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Lessons from Chelsea – Mourhino & Constructive Dismissal

You can’t have missed the enormous press coverage of Eva Carneiro, the former Chelsea Club Doctor, who is suing both Jose Mourinho personally and Chelsea football club for constructive dismissal. What does ‘constructive dismissal’ mean and how can employers protect their businesses and themselves personally from similar claims? 95% of small businesses do not adequately protect themselves from discrimination claims and in this article we’ll show how, with some simple and quick steps, this can be done.

On August 8th Eva Carneiro went onto the pitch to treat a Chelsea player after being called by referee Michael Oliver. Because of the treatment Chelsea were down to 9 men. Mourinho was scathing in his criticism of Carneiro and described her actions as impulsive and naive. Carneiro was absent from the bench after this, the first game of the season, and is now working elsewhere.

Carneiro has now filed a constructive dismissal claim and is alleging, we believe, discrimination, presumably on the grounds of Mourinho’s thus far unreported detrimental treatment of her on grounds of her sex. Constructive dismissal comes about when an employee, Carneiro in this case, regards herself as having been dismissed as a result of her employer’s actions.

Here we might assume (and it is only an assumption at this stage) that Carneiro will allege that she was unable to take her seat on the bench because Mourinho prevented her from doing so and as such (and together with his known and thus far unknown comments) has prevented her from carrying out the role she was employed to do, and as a result she feels herself to have been dismissed. It’s too early to speculate on the where the discrimination aspect comes from, perhaps Mororinho has not taken such a tough line with the head physio (who is a man and was also on the pitch with Carneiro that day and received the same criticism from the manager at the time) or perhaps it has something to do with some other comments or treatment we don’t know about yet.

The fact that discrimination has been alleged though means that Mourinho has personally cited as a respondent in the case, something that is only possible in cases of discrimination and victimisation. As a result the employee’s legal action targets Chelsea Football Club (the employer and thus liable for the discriminatory acts of its employees, including its Football Manager) and the Football Manager himself as it is his behaviour that she will allege was instrumental in the constructive dismissal. If she wins her case the employment tribunal may decide to award compensation against both the club and Mourinho personally.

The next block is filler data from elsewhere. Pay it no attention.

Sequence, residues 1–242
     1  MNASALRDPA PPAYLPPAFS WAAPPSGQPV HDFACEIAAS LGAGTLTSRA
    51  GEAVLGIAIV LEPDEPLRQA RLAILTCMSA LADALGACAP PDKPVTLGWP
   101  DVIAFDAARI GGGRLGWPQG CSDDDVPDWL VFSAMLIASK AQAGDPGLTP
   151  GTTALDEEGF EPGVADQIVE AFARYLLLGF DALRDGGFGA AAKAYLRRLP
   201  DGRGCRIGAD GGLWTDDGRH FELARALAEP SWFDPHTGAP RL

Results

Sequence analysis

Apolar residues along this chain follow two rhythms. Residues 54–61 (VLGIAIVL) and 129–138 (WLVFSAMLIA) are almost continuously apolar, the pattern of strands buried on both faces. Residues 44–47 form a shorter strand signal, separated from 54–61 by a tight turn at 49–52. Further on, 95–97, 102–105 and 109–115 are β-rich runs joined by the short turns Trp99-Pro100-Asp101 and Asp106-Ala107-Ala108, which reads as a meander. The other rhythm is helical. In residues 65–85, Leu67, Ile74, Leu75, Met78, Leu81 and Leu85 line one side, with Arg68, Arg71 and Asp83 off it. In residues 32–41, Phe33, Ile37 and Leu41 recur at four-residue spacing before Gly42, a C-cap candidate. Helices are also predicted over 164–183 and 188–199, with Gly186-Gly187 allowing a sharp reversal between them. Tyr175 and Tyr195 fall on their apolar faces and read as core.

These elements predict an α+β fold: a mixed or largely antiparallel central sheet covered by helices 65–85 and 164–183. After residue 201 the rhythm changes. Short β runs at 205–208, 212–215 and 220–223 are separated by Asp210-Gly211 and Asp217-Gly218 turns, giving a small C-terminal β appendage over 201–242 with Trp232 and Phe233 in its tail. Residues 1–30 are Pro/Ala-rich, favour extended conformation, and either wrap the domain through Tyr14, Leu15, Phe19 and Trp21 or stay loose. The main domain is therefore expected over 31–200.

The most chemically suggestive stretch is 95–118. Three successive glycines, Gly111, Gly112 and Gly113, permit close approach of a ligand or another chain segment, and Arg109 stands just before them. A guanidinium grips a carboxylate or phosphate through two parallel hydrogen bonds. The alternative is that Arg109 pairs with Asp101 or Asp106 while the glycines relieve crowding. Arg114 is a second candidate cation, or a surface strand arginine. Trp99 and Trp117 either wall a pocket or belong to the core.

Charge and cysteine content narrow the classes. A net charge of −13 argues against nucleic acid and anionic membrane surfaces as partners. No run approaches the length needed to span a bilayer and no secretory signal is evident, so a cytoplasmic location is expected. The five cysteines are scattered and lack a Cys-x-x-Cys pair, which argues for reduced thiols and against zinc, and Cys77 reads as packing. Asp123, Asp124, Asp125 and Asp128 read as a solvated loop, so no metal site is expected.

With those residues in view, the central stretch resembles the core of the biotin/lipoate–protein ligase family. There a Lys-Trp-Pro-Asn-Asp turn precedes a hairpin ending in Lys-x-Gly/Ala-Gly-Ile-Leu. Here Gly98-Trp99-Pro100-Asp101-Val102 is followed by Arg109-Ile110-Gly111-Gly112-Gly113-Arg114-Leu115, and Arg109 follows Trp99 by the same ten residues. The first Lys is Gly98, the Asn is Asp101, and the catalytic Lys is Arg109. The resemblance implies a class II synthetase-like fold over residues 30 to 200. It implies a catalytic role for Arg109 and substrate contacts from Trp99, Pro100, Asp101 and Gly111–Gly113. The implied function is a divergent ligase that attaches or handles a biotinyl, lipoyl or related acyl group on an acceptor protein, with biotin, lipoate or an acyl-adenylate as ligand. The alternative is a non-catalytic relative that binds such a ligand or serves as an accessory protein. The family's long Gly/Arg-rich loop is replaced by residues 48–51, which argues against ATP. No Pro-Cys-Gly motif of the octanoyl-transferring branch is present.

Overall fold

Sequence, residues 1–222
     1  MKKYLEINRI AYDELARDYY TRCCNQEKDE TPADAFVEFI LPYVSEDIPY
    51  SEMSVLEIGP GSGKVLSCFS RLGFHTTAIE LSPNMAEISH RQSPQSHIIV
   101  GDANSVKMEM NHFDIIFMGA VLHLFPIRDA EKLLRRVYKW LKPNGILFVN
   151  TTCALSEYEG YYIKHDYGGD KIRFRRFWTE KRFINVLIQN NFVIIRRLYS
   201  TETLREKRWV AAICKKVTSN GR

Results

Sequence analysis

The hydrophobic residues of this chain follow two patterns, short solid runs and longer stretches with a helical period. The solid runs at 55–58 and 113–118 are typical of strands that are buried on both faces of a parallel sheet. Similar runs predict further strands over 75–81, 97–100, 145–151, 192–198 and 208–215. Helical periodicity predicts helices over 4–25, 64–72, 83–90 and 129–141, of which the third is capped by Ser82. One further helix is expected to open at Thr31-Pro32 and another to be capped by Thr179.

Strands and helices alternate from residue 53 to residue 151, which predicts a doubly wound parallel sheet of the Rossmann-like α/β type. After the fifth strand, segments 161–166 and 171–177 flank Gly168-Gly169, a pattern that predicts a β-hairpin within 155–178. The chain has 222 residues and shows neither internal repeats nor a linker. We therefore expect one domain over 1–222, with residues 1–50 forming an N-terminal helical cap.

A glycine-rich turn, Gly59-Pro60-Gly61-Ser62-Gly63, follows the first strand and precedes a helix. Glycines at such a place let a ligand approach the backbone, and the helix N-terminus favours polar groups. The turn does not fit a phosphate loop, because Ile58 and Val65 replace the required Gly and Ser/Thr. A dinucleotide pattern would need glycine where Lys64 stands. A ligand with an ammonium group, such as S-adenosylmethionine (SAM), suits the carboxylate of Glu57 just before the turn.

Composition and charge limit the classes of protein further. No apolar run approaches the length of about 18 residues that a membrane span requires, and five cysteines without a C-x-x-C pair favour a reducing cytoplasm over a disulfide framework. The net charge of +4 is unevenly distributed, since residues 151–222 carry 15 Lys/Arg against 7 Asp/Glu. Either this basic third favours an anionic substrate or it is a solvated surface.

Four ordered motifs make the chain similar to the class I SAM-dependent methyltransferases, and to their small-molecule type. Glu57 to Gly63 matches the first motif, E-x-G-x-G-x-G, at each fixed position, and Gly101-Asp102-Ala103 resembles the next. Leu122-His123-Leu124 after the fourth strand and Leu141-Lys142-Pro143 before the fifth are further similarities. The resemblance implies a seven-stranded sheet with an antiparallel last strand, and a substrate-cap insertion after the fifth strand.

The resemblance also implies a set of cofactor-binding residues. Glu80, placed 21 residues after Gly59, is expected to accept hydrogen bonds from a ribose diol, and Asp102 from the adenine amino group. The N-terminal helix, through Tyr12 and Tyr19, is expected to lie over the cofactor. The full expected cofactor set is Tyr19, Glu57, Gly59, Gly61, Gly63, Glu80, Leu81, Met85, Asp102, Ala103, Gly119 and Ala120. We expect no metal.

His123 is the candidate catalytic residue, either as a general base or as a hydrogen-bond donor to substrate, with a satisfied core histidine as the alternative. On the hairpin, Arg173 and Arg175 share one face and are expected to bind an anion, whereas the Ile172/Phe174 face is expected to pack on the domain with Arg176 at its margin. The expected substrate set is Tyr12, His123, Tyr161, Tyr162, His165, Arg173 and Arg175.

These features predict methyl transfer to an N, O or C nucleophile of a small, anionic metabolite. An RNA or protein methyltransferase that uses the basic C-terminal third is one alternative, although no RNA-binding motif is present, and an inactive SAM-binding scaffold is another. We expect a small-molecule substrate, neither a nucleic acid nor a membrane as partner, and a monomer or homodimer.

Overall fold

Leaving behind the sensational world of football, how could this case relate to ordinary businesses? Following the same principles, let’s suppose Company owner ‘A’ employs a manager called ‘B’, and also has a female employee, C. Unbeknown to A, B treats C badly because she is a woman, and B has a problem with women. Eventually C resigns and brings a constructive dismissal case against both B and A. The tribunal finds in C’s favour and makes an award of £20,000, half of which is levied against B and half against A.

Even though A knew nothing of B’s behaviour, the tribunal have awarded £10K against A and there is reputational risk too, since tribunal proceedings are open to the public. They did this because they believed that a reasonable employer would have taken steps to have prevented B’s behaviour in the first place, and could not find any evidence that A did so.

So what should A have done? Here are our top tips:

  • B’s employment contract should have stipulated that discriminatory behaviour was in breach of A’s Company policy
  • The contract should have cross referenced a ‘Dignity and Work’ Policy and Equality Policy, which as well as educating employees (C) and managers (B) on A’s expectations would have told C how to raise a complaint
  • A should have been able to show that B had received a copy of the policy and the employment contract (a signed acceptance would do) to prove that B should have known not to treat C in the way that he did

Whilst the above might have been sufficient to have protected A from liability, the icing on the cake may have included A providing some training on discrimination, or simply emailing his employees (including B) every now again a reminder of the standards expected at work – and kept copies to show the tribunal.

Had A followed the steps above (and indeed if Chelsea FC have done) then A would have (and Chelsea may be able to) successfully pleaded a ‘due diligence’ defence i.e. that it had gone to reasonable efforts to ensure that B (Mourinho) would not behave in a discriminatory way.

Regrettably the vast majority of small business owners do not follow these steps (which take very little time, less if they have an HR Company to do it for them) and so are vulnerable to claims from employees that could easily be rebutted.


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